press release

Skateboard culture has become one of the strongest visual subcultures of our time. In the exhibition Skate Culture, Preus museum investigates the massive cultural production coming from today’s world of skateboarding.

Erupting from the Californian surf scene and branching out into street art and street clothing, skateboard culture has spanned the globe with its focus on individuality, freedom and a transgressive mixture of sport and play. In addition skate culture has become an integrated part of urban youth culture and is consciously employed as a corrective to the hegemonic order through its use of urban sites and non-sites. With its close links to, for example, punk rock, skate culture has developed a distinctive visual dimension that makes advanced use of appropriation, logos and what the French situationists refer to as detournement – the reuse, often with subtle modifications, of visual clichés, which generally results in an altered perception of those clichés.

In addition to having created a series of visual icons, skateboarding has evolved into a culture in which photography and film/video has become an integral part of the social environment. The camera is ever present in today’s skate sessions and the channels of distribution for the images created are strong and effective and to a certain extent exclusive – all traits that define a healthy subculture. Through magazines like Thrasher and skateboard videos and DVDs – which are one of the foremost channels for the marketing of skateboard products – the skateboarding scene has developed a visual language that is part sports coverage and part construction of an identity and a lifestyle.

All these characteristics of skate culture have been used by visual artists, with Mark Gonzales (US) and Ed Templeton (US) as two of the best known international names. One characteristic of these artists is their fusion of a photographic snapshot idiom with other forms of visual expression notable for their simple technique and rapid turnover, such as graffiti and expressive painting. In Germany Michel Majerus transformed a museum into a skateboard ramp, while in Scandinavia Jakob Kolding (DK) and Gardar Eide Einarsson (NO), among others, have seen skateboard culture through the matrix of urban theory and politics.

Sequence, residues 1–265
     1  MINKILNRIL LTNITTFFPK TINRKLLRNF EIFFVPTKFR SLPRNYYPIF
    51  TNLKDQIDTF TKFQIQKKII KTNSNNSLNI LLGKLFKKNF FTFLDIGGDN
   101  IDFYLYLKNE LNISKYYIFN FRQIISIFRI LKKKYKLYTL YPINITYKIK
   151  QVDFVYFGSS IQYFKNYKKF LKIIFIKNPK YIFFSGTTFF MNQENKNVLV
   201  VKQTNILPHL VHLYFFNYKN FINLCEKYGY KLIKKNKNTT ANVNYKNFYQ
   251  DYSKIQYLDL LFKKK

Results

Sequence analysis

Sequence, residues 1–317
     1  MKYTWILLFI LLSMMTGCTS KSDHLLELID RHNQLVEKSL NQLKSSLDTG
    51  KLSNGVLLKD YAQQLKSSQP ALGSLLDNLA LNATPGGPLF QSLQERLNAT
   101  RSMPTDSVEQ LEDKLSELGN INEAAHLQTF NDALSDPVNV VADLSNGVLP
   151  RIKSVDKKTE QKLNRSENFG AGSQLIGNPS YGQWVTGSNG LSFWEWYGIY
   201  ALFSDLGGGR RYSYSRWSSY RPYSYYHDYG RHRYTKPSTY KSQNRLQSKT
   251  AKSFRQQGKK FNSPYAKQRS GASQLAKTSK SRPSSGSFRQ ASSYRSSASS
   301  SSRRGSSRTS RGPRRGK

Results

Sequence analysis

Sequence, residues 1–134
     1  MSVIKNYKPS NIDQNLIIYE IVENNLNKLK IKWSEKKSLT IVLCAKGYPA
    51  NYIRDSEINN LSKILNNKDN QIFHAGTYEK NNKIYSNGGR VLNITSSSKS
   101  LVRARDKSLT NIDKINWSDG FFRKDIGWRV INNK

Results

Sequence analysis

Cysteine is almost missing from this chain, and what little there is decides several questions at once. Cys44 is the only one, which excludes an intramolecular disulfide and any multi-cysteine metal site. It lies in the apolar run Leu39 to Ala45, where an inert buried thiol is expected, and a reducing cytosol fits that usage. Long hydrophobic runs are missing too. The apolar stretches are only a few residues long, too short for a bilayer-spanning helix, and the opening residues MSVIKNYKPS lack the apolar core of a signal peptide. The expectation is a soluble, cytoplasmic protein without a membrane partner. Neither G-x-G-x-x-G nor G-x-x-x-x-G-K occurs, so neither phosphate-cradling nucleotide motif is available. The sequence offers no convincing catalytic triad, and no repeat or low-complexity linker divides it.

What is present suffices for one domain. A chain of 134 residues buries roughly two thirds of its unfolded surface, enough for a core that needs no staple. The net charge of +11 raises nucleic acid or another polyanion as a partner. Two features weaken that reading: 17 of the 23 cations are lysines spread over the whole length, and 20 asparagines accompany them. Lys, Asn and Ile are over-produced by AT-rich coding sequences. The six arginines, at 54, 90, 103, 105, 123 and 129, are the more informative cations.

The exhibition is an initiative of Preus museum and is produced in cooperation with Bergen Kunsthall. Scate Culture is financially supported by Arts Council Norway and Goethe-Institut Oslo.The curators are Jonas Ekeberg and Gardar Eide Einarsson.

Tour itinerary: Preus museum (25.03.–21.05.2006), Bergen Kunsthall (September–October 2006). In conjunction with the opening at Bergen Kunsthall there will be a seminar entitled “Curating Visual Culture”.

Artists/photographers: Pontus Alv (SE), Cheryl Dunn/Mark Gonzales (US), Gardar Eide Einarsson (NO/US), Marius Engh (NO), Wiebke Groesch/Frank Metzger (DE), HSK, Tuukka Kaila (FI/UK), Jakob Kolding (DK/DE), Fred Mortagne (FR), Mike O’Meally (AUS), Scott Pommier (CA), Tommy Solstad (NO), Craig Stecyk (US), Deanna Templeton (US), Ed Templeton (US).

only in german


mit Pontus Alv, Cheryl Dunn / Mark Gonzales, Gardar Eide Einarsson, Marius Engh, Wiebke Grösch / Frank Metzger, Tuukka Kaila, Jakob Kolding, Fred Mortagne, Mike O´Meally, Scott Pommier, Tommy Solstad, Craig Stecyk, Deanna Templeton, Ed Templeton

25.03.06 - 21.05.06 Preus Museum, Horten
13.10.06 - 29.10.06 Bergen Kunsthall, Bergen
03.06.07 - 02.09.07 BildMuseet, Umea